When the athletic Nagas aren’t busy running from bullets, they are singing songs. The association can be traced to the ancient times. Those days when dangling crotches and cheeky brown posteriors were the houte couture of the day, death metal was a common musical style – ancient Naga warriors sang beautiful war songs when lovingly lobbing off their enemies’ heads. Of course, their ill-fated opponents had no option but to sing a death metal song before donating their precious hair to the cause of music.
In 2008, probably the very first-ever production album – pro work, that is – from Nagaland surfaced in the form of ‘El Roi,’ from a Kohima rock band that went by the moniker Divine Connection. In 2010, the band would swing their way into India’s vibrant but poverty-stricken rock scene by winning an MTV talent hunt ‘Kurkure Desi Beats Rock On.’
Then, came a nerdy group of dreamers called Alobo Naga & The band who found themselves performing their screen, sorry, dream, when VH1 decided that this chinky-eyed bunch of talents were worth big airtime. Soon enough during summer 2011, their single ‘Painted Dreams’ began its mission towards pulverizing nearly every Indian TV that had a VH1 channel. The rest, as they say, is no mystery. Nagaland was clearly good old Hindustan’s biggest rock factory since Rock Machine.
But that’s only what popular Media tell you. You’d probably heard only about Divine Connection and Alobo Naga & the Band. For those of you who believe Facebook is Gospel, here are some Naga musicians you hadn’t come yet to click the ‘like’ button.
Naga purists, go eat your hearts out. The following musicians have achieved a bigger distinction not so much for landing a TV spot or wining reality shows but by their longevity, prominence and establishment in foreign music industries.
Ren Merry: Naga Pioneer & Legend
Several weeks ago, there was a name in the Governor’s Award for Excellence list for 2013. Renthungo Merry.
Eyebrows went up at least 700 meters high.
Who the eff was this Renthungo Merry? The man – probably the first full-fledged classical guitarist from among the heavy-headed Nagas – is Ren Merry.
Ren Merry will always be the one guitarist who held fortress on his own – or built one – when every Aren, Abemo and Asalie were pounding their heads into the wall in the name of noise. In 2010 he was honored with the Lifetime Achievement Award by the Calcutta Classical Guitar Society for contribution to classical guitar music. The US-based guitar instructor was one of the six classical guitar masters.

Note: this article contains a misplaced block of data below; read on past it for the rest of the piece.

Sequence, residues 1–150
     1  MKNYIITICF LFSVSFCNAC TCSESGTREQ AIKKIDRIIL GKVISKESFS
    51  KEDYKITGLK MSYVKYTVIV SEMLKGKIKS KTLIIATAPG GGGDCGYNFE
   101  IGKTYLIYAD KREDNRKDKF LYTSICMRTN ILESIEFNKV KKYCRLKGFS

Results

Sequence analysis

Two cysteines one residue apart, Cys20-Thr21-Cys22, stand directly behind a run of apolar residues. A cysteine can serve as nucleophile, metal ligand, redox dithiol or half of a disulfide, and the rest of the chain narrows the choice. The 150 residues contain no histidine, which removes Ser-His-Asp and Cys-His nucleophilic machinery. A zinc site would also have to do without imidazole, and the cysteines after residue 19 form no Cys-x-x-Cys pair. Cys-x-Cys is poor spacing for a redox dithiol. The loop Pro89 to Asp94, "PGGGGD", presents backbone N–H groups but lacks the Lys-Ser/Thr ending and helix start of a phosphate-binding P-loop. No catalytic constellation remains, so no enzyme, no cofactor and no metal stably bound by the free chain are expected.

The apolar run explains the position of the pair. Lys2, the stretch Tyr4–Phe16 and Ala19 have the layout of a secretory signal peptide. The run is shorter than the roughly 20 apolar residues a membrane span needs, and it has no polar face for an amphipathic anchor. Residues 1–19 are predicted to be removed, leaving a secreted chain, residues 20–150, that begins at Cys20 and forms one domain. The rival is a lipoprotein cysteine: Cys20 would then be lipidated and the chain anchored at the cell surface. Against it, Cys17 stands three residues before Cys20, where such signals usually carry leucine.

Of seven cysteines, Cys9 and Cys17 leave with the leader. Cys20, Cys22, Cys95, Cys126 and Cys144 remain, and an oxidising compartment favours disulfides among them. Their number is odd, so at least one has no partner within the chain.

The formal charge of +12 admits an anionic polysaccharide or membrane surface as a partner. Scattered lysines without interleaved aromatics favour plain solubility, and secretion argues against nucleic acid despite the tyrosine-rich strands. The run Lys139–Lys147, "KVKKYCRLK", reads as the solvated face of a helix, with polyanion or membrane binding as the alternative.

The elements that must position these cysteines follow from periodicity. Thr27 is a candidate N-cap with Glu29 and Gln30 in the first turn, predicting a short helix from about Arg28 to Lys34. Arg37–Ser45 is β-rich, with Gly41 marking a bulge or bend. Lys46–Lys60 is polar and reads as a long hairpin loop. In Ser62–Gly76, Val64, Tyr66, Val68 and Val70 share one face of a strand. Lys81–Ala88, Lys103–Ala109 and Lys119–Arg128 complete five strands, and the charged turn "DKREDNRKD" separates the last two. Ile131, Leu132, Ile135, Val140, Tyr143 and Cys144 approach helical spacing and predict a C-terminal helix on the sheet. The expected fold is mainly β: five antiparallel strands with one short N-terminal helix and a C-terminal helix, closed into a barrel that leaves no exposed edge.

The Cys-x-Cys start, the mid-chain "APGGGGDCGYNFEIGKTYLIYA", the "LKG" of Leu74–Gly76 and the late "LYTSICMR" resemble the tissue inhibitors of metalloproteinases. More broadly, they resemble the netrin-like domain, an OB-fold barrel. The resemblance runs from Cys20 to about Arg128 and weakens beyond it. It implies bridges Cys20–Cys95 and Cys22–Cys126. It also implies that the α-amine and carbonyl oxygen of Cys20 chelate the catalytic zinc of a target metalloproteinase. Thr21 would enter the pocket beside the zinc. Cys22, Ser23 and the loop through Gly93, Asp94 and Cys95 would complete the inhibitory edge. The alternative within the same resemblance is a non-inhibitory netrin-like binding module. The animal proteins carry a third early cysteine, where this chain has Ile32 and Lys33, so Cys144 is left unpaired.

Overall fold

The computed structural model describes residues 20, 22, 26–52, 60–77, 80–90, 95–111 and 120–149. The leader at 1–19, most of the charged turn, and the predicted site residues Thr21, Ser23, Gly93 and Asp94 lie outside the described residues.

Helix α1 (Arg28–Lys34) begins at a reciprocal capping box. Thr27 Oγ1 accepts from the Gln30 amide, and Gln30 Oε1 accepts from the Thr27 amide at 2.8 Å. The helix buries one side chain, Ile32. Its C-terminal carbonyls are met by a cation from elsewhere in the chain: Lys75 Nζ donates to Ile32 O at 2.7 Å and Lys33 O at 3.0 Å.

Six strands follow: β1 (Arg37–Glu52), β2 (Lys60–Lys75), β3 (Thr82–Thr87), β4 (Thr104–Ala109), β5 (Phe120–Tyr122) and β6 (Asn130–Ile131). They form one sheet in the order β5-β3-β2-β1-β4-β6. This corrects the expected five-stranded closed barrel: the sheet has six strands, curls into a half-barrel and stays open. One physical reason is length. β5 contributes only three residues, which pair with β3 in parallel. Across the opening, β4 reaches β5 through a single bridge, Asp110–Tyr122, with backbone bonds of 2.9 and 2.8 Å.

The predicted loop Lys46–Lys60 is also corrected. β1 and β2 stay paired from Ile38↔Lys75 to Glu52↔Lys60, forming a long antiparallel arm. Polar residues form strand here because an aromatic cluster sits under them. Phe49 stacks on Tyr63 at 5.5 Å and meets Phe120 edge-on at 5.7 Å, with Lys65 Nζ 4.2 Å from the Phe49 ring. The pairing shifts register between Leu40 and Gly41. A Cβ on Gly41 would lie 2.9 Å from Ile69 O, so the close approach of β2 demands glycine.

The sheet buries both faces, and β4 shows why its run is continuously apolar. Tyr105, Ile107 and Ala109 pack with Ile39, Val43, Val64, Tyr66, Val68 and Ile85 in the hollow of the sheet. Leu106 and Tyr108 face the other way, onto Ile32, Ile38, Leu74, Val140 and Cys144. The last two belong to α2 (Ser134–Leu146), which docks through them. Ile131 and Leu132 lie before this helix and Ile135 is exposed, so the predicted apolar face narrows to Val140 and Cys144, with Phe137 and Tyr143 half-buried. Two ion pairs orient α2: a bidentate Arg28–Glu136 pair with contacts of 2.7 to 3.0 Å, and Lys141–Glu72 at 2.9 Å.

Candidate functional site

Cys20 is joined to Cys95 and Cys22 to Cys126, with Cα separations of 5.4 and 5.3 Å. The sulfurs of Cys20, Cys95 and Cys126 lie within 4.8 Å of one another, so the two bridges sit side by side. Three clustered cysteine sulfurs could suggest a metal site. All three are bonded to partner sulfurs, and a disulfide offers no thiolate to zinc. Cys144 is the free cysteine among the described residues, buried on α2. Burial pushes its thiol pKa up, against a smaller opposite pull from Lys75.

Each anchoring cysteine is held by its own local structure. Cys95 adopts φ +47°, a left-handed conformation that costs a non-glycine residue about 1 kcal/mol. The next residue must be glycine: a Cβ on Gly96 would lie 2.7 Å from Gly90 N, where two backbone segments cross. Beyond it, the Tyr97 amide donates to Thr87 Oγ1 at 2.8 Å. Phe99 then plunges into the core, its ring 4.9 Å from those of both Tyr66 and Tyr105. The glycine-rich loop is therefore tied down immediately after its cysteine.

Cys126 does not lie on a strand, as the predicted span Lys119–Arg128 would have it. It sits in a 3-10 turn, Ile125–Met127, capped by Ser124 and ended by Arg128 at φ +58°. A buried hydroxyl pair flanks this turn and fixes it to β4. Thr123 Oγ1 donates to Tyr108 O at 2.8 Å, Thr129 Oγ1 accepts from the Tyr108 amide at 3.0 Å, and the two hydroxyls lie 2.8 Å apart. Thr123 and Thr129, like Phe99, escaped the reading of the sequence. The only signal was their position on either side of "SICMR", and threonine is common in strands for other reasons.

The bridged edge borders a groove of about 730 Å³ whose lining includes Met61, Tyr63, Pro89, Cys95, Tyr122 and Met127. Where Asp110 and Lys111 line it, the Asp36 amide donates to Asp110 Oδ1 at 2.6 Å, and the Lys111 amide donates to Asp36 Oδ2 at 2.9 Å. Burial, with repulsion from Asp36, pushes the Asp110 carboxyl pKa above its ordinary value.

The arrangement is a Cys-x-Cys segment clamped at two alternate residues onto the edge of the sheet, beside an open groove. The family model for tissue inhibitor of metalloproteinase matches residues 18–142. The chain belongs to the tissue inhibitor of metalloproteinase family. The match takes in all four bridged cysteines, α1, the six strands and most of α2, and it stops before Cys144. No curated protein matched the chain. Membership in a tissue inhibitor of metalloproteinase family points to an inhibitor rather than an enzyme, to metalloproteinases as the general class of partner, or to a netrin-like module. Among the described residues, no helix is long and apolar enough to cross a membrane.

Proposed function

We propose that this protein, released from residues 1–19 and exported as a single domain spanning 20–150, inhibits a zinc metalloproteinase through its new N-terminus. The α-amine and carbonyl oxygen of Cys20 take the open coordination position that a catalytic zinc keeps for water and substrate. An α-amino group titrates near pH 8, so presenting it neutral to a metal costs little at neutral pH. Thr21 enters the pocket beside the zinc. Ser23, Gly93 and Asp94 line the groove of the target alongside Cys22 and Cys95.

For a long time, Ren Merry shared a fate similar to Naga novelist Easterine Iralu’s – seen and heard but unsung. Only this year did Ren Merry finally find recognition in the form of the Governor’s Award. He is today an acclaimed classical guitar instructor in Colorado and a known fixture in the academic classical music population Colorado and neighboring US states.
Merry was born in Wokha, the place that would lead him on decades of journey all the way to the United States of America. Upon graduation in 1992 with a Master’s degree in Music Performance, he returned to Nagaland with his American wife Tammie to teach at Patkai Christian College. Following a five years stint as classical guitar instructor, he left for the United States. There, he taught music at Westminster Christian Academy in Louisiana, the United States, for seven years. He was recently conferred doctorate in Music Education by the University of Northern Colorado.
The virtuoso doesn’t wish to talk much about his early albums released in Nagaland. He has a CD titled Ren Merry: Classical Guitar; A collection of hymn arrangements and originals.
Kilang Pongen: Rock in Bangkok
Kilang Pongen – the Naga rock dude thing from Mokokchung who has been busy running through Bangkok’s rock scene for several years now. Before better winds flew him to one of Asia’s most vibrant music industries, Kilang was this geeky looking front man of a rock band called Faith. And then, singer of a popular Dimapur rock group called Heritage. Kilang Pongen decide he wasn’t going to do much noisy things.
So he went ahead solo and released his debut solo album ‘Breakthrough’ (2004) – arguably one of the first and finest examples of original, professional rock music production in NorthEast India.
Two tracks from Breakthrough were selected to be on ‘Think Again,’ India's first ever Christian Rock compilation released around 2005. Another track, the classic metal anthem ‘Miracle’ was featured on another all-India compilation ‘Awake & Arise - A Musical Tribute to Life.’ After ‘Breakthrough,’ Kilang went on a tour across the state, and the Northeast region and the mainland as well as in Nepal and Thailand.